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Online NLH Poker Bet Sizing: Know What to bet & When

Many ‘new to the game’ struggle with a bet they should place during a hand. It’s a right-hand rule that if you’re unable to identify the right bet at every stage of the hand, you’ll notice a significant leak in your stack.   

Making the right sized bets will maximize the odds of your win and eventually minimize your losses. Most of all, you’ll be giving bad odds to your opponents to call when they have drawing hands.  

Sizing your bet right is one of the critical skills while playing No-Limit Texas Hold ’em Poker Online

The ‘How’ of Bet Sizing

The size of the bet you make at any point of the game, on any hand, should be concerning the current pot of the game. You should always keep in mind the pot amount before raising anything. This is because the bet you make into the pot will determine your opponent’s pot odds, so either they’ll make a call with the right odds or make a call with incorrect odds.  

Every time they call on incorrect odds, we’re gaining on the game as they’re repeating those mistakes again and again. It’s of utmost importance that we make good-sized bets to make sure we force our opponents’ mistakes. 

Lousy Call (on incorrect pot odds) by opponents = Profit

The standard bet is 3/4ths of the total pot.

Rules for Betting

  1. 1/4th of the pot: Never bet this small
  2. Between 1/4th & Half Pot: These are usually under bets, and you should use them in rare situations. If you know your opponent is right and won’t call anything more significant, you should use it.
  3. Between half pot to 3/4th of the pot: This is the best spot for a sweet bet sizing.
  4. More than 3/4ths of the pot: They are usually big value bets or overbets.

These four rules determine optimum, effective, and inadequate bet sizes.

Why bet BIG?

  1. You’re giving incorrect odds to your opponents with drawing hands
  2. Our value of bet increases when opponents call with a worse hand

There are very few instances where any professional poker player would bet less than half of the pot. Making weak bets usually loses you value on your hands, and they give the right odds to your opponents to outdraw you with the worst hand.

Tip: If you have over 100 Big Blinds and there’s a hand you want to get all-in on the River, you should bet the full size of the pot on the flop and turn because of progressive bet sizing and pot growth.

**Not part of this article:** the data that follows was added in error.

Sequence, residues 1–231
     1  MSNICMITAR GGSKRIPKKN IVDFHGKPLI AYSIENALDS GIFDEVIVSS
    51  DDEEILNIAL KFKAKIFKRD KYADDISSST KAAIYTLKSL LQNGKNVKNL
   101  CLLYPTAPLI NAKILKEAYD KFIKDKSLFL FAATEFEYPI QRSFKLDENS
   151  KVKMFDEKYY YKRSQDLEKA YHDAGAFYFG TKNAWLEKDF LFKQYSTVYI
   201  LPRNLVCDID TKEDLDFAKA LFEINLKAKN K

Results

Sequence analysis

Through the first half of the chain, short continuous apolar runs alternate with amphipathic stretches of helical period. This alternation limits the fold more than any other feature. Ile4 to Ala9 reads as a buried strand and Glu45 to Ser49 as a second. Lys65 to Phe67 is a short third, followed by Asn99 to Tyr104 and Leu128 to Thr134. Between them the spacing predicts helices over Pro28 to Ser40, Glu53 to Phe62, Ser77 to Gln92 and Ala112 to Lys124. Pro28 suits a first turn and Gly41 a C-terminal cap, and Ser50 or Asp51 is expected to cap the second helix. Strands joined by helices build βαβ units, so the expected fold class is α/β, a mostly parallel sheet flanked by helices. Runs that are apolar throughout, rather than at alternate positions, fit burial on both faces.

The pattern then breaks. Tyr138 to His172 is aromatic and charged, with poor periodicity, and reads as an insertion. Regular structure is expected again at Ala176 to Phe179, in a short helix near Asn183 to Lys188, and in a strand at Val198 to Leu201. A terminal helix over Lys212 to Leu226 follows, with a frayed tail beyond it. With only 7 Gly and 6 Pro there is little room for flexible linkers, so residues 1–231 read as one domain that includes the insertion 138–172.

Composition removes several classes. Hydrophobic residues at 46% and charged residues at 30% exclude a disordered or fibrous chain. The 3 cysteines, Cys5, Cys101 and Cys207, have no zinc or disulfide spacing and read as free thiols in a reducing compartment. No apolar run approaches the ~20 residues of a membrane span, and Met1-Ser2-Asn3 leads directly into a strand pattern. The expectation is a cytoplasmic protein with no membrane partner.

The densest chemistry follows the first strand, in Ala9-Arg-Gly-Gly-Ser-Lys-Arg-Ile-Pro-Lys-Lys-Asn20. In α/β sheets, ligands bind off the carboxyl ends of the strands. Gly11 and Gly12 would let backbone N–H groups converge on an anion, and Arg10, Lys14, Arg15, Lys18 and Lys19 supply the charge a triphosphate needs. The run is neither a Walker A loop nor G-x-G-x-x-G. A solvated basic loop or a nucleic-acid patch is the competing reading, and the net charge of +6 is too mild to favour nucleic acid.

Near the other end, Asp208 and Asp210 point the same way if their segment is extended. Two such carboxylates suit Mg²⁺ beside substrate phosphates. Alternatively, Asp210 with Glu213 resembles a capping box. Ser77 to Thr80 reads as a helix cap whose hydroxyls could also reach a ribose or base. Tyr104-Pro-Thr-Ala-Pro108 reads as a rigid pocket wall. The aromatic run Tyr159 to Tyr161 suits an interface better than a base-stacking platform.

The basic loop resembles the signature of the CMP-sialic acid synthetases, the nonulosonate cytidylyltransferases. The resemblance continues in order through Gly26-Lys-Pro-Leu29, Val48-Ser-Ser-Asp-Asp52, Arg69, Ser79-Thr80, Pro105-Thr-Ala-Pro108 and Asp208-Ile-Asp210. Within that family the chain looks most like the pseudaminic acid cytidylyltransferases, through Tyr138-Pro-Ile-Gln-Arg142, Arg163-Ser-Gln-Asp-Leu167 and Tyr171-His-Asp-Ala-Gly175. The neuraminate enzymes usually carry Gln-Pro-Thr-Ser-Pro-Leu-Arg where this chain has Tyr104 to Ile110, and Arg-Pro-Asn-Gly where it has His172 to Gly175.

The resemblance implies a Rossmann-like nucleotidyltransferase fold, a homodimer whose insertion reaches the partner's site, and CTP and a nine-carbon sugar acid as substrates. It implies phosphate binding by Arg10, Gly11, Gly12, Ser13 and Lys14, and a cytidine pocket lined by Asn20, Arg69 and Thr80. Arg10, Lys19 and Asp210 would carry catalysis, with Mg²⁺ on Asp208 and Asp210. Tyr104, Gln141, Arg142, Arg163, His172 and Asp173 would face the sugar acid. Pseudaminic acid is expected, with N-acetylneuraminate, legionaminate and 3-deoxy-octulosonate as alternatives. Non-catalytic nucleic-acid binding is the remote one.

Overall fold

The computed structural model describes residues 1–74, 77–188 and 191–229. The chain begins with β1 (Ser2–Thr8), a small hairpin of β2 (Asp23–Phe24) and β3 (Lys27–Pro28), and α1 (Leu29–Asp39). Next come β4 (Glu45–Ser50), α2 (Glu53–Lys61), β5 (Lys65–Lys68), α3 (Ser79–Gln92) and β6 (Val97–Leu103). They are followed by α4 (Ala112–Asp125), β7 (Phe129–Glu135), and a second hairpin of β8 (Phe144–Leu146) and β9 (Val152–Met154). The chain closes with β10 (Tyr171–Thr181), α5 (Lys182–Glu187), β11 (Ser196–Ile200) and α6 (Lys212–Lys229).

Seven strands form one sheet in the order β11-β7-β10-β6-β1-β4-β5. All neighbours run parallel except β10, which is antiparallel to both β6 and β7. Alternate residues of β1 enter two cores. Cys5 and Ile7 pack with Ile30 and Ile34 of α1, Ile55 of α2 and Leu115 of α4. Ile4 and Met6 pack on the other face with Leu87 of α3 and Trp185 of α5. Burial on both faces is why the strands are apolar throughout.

Small Bets: When & How

Small bets are never a good idea, half-pot or smaller. However, there are always exceptions. The only time you should bet small is when you know you won’t get outdrawn from an opponent and that your opponent will only call a smaller bet than a larger one. Even then, a lot of times, you’ll discover larger bets give you more value in the longer run. 

Why Big Bets over Small Raises

Bets give you information. However, we should never bet for the sole reason of getting information. For our opponents to call, they must feel they have a strong right hand or a firm drawing hand. Therefore, it’ll help us identify the range of hands they could hold. 

We always will get more value from big bets. If we believe we have the best hand, then we should continue the bets and extract value from our opponents by taking advantage of the Pot equity. 

The Most Common Mistake!

The most common mistake amateurs make they make minimum bets and raises when the action gets on them. If you’re making a minimum bet pre-flop, you’ll notice that almost everyone on the table is willing to call you as you’re giving them excellent odds to see the flop with any two random holdings. 

As a rule, never make minimum bets. Either make a strong bet or don’t bet at all. 

Similarly, if you raise a player with a minimum bet that bets into you, you’ll most of the time be giving them the right odds to outdraw your post-flop. Moreover, a minimum bet tells you almost nothing about your opponent’s holdings as they’ll be calling with any two cards.  

Bet Size: Pre-Flop

The basic maths of pre-flop raise is three times the Big Blind plus one big blind for each limper. 

3 BB + 1 BB for each Limper

If you’re making a raise pre-flop, you should raise around 3-4 BBs. If there are limpers, add one big blind for each to the 3-4 BBs to prevent other players from calling with good odds.

So, if you’re playing a table of 5/10 and there are two limpers, a good 50-60 should be sufficient. 

The Bottom Line is

  • Raise almost 3/4th of the pot post-flop
  • Bet 3-4 BBs pre flop + 1 BB for each limper.

Whenever you decide to make a bet, make sure you count chips in the pot before looking at your opponent’s stack. It’s crucial to reduce the odds for your opponents and maximize your hand’s value by making healthy bets. 

Making weak bets and playing a passive game will leave you open to run over by your opponents when they have weaker hands than you. So make sure to stand your ground firm and make strong bets in the pot at every opportunity you get to make sure your opponents know you’re not the one to be messed with. 

Gaurav Sangwani
Formerly a startup journalist, Gaurav now works as a Content Manager & Writer for Mobile Premier League. A non-fiction author with a flair for technology & games. Gaurav has also contributed hundreds of blogs for different media publications.


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